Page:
During World War Two, Czechoslovakia was under German occupation for about six years. Throughout these years under occupation, the country's powerful military industry had to work to meet the needs of the Third Reich. By the time Germany was defeated, the Czechoslovaks had gained vast experience and knowledge of best practices in the manufacture of arms and armour. Along with that, they had also inherited a wealth of technical documentation, which made good reference material for future projects.
The first postwar decade was turbulent. Czechoslovakia was hard at work rebuilding its armed forces and trying to regain its former stature as one of the foremost tank developers in the world. For economic and political reasons, however, most projects of that time did not reach the prototyping stage, let alone enter mass production. However, they are monuments to technical advancement, and deserve to be studied in detail. One such project is the Škoda Т 40 medium tank.
In 1945, the military issued technical requirements for a vehicle called Tank Všeobecného Použití (TVP), or "general purpose tank". As envisioned by the military, this medium tank was supposed to feature 65-mm armour, an 88-mm gun, and a top speed of 50 km/h. A coaxial machinegun with a flame thrower was also to be included as additional armament.
Based on this concept, specialists at the VTU (Military Technical University) made a tremendous effort and created a whole set of tanks that differed in several components. A famous historian, Martin Dubánek, included Škoda’s project when describing this set of tanks in his landmark text on Czechoslovakian tank development. This misclassification was later identified and corrected by Jiří Tintěra, another Czech historian. Despite the fact that VTU and Škoda had something in common, they followed different paths in terms of design philosophy. This necessitated the reclassification.
The VTU project’s proposed tank and its characteristics were only available as a concept, rather than a thoroughly prepared technical solution. The tank was supposed to feature a leaf spring suspension, six roadwheels, and three support rollers. The suspension’s design schematics were complicated enough to require a long and detailed elaboration. It was unclear what engine was to be installed in the vehicle.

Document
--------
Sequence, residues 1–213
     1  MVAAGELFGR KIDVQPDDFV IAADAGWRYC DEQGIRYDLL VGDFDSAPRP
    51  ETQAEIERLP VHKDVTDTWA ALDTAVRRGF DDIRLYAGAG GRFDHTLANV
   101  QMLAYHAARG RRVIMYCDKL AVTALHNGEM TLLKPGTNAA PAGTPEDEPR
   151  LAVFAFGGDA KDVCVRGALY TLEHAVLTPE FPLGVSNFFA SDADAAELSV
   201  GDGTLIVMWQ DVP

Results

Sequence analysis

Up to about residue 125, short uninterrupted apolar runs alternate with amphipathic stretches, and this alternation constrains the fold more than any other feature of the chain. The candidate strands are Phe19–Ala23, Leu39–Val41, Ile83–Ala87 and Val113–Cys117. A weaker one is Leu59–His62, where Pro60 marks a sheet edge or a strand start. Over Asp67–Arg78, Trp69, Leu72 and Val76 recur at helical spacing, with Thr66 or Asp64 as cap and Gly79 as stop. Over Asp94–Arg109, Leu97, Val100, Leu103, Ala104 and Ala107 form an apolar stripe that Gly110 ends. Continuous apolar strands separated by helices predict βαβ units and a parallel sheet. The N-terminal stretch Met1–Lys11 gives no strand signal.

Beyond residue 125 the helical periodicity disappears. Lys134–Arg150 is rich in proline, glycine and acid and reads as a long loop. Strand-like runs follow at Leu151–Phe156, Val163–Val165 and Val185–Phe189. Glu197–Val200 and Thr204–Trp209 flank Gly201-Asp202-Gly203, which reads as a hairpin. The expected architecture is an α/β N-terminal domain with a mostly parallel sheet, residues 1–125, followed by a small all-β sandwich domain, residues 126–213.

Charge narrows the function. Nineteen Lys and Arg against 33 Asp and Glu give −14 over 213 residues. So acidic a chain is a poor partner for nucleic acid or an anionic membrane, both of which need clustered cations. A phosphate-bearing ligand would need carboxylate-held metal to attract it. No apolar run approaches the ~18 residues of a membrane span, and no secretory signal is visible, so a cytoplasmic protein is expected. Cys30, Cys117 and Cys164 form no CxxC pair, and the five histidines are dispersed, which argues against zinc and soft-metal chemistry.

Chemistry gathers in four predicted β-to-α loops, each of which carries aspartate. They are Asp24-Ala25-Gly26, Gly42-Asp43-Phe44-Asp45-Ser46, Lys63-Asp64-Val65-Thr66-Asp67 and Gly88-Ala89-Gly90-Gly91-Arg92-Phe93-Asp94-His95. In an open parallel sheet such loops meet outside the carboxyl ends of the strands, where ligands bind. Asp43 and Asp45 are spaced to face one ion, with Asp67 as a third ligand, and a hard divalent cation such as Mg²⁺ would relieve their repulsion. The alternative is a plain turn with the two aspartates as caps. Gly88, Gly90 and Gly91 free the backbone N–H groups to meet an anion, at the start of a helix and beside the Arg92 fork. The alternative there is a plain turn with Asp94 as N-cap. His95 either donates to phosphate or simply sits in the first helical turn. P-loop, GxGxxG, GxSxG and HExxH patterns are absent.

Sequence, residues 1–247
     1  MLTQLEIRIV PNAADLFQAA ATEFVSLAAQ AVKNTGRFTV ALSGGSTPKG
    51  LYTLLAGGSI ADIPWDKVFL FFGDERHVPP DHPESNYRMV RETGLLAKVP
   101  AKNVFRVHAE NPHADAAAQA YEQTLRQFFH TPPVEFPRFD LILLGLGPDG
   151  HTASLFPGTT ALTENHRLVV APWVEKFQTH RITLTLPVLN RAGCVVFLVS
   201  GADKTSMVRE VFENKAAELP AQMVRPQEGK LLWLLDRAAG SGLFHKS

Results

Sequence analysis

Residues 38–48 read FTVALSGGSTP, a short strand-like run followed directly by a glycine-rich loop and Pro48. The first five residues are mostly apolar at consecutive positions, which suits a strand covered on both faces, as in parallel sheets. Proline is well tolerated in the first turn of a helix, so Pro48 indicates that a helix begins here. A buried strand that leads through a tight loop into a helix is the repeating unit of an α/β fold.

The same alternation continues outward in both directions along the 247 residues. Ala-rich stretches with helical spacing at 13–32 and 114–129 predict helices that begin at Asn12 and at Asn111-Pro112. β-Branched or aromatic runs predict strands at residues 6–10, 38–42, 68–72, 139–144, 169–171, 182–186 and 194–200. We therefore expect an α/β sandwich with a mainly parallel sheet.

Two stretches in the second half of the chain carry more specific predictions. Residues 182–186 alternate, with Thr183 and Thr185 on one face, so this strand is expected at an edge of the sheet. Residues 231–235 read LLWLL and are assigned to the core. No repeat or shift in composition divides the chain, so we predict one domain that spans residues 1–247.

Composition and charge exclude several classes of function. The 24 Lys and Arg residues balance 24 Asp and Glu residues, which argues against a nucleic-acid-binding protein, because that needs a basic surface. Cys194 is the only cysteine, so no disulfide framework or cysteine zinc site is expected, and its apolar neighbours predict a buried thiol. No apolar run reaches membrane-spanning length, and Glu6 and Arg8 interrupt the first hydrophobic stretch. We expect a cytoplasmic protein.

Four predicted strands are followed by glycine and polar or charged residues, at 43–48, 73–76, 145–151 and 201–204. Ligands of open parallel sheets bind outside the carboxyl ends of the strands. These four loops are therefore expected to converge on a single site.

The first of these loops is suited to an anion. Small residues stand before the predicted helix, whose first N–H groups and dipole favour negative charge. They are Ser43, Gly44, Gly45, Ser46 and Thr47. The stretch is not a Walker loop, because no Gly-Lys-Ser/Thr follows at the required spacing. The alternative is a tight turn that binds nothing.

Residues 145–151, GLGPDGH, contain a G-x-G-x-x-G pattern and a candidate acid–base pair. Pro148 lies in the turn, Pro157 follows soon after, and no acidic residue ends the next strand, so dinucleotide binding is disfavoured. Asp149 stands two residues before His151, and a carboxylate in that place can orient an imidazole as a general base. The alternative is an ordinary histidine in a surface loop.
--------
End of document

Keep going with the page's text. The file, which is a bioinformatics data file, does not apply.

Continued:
Škoda engineers, on the other hand, had prepared their design and performed necessary calculations for their medium tank. There were some minor similarities in external elements and design, but the two tanks greatly differed from each other.
The VTU tank’s turret was designed with a complex shape, which incorporated a V-shaped front plate. The Škoda Т 40’s design was more advanced and bore a strong resemblance to comparable German vehicles manufactured by Krupp. One such resemblance is the T 40’s gun mantlet, which was similar to those produced by Krupp. This resemblance is not mere coincidence: during World War II, Škoda manufacturing plants produced hulls and turrets for the Tiger II heavy tank.
To meet the stipulated requirements for the main gun, engineers chose an 8,8 cm gun. This gun was similar to the German KwK 36 L/56 gun mounted in the Tiger turret. The only difference was that the Czechoslovakian variant did not have a muzzle brake The Germans had planned to mount it in the experimental narrow turret (Schmalturm) intended as an upgrade for the Panther medium tank, as well. The idea of equipping the tank with a flame thrower was eventually brushed aside, and a coaxial machinegun was mounted instead.
Unlike the VTU, Škoda did not face any problems choosing an engine for their vehicle. They had a ready-made solution: the Škoda 16ADH140, an X-type air-cooled diesel engine (700 h.p. at 2,000 r/min). Although its performance was below the stipulated requirements for power-to-weight ratio, the engine could accelerate the tank to 50 km/h, which was the required top speed. Also, a more advanced torsion suspension was used instead of the leaf spring one.
The main problem faced by the Škoda Т 40 (and TVP) was weak armour. However, this was a limitation imposed by the requesters: the requirements for the tank were based on the U.S.S.R.’s T-34-85 tank, which was not the most heavily armoured vehicle in 1945.
In conclusion, this design by Škoda specialists was fairly innovative and incorporated an interesting combination of features in its design. The creators of the tank did not simply copy Soviet or German technical solutions. Instead, they combined the experience and knowledge of the two greatest tank producers in the world in the design of a well-balanced and distinctive vehicle, which unfortunately existed only in blueprints.